County Recorders Can Unwittingly Accept Fraudulent Property Documents

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One of the growing concerns for county recorders throughout the United States is the increase in property fraud. To prove the point about how easy it is to perpetrate this kind of property fraud, the Daily News in New York stole the Empire State Building as a prank last December. They did return it.

What is real estate fraud exactly?

There are many kinds. The most grievous is when a person brings a fraudulent deed into the County Recorders Office, pays to record the document, and, in doing so, somewhat legally transfers the property to himself or herself. Yet in reality it is theft.

Why do people transfer the property fraudulently?

Transferring the property and keeping it would make it very easy to apprehend these thieves. That's not why they do it. Typically they steal a property in this way so to borrow against the property, take the money, and let the property default be foreclosed. The unsuspecting property owner is caught off guard and has to do fight to hang onto their property and maintain their credit. Many times, the properties that are targeted for this kind of fraud belong to seniors who own their home outright. Adding insult to injury is the fact that it can cost a homeowner thousands of dollars to clear up the problem.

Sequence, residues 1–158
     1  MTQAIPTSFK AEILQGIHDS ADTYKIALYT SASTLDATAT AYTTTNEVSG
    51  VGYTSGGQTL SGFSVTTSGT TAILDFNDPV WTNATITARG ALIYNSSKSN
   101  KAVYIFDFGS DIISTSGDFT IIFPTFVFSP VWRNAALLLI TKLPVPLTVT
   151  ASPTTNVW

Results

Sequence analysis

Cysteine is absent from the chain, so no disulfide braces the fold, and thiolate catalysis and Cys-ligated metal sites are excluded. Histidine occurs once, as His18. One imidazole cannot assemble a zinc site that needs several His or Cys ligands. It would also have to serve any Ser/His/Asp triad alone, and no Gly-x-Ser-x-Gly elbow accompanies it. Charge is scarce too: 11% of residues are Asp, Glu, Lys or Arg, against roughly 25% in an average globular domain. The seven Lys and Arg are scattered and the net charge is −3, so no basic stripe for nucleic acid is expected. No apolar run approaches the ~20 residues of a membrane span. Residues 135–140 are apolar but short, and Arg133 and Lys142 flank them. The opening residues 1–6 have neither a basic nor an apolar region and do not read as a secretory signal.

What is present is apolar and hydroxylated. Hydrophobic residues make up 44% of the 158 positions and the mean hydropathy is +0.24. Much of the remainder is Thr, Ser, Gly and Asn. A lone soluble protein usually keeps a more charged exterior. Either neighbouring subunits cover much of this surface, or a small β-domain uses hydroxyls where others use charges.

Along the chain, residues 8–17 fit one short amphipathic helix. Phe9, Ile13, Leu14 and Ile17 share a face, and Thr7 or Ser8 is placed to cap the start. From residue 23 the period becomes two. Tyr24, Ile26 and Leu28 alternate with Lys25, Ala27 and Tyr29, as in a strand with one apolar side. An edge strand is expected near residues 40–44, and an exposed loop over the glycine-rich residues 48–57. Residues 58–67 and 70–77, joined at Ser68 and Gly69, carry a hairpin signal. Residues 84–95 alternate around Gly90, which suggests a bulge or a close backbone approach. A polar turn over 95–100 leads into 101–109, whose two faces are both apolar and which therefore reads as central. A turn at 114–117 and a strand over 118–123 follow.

Who is involved in creating or processing these fraudulent documents?

Some counties have had situations occur where family members will attempt to defraud each other and take a property. Notaries play a role in this process as well and may wind up in court at some point during an investigation. Appraisers who value properties higher in order to assist in the loan process have also played a part.

Why don't Recorders prevent this?

Recorders are not required to verify the information; they are not the real estate police. Their job is to make sure that all documents meet recording requirements as set by law, that the notary has properly notarized the transaction, the fee is collected, and the record is made part of the public record of all land transactions in the county.

Recorders have no way to verify information on a document presented to them for recording. That's why it's not part of their responsibilities and never has been. Giving them the authority would not solve the problem. They have no way to verify the validity of a document.

How are counties protecting themselves?

Counties where property fraud has become more prevalent have developed task forces to work with law enforcement officials. But task forces with teeth cost money for investigative staff, equipment and communication systems. There is a wide disparity among states and counties as they deal with this issue. Illinois only recently passed legislation requiring notaries to record thumbprints on all notarizations related to property transactions; California began this practice in 1993.

This content has been reproduced from its original source.

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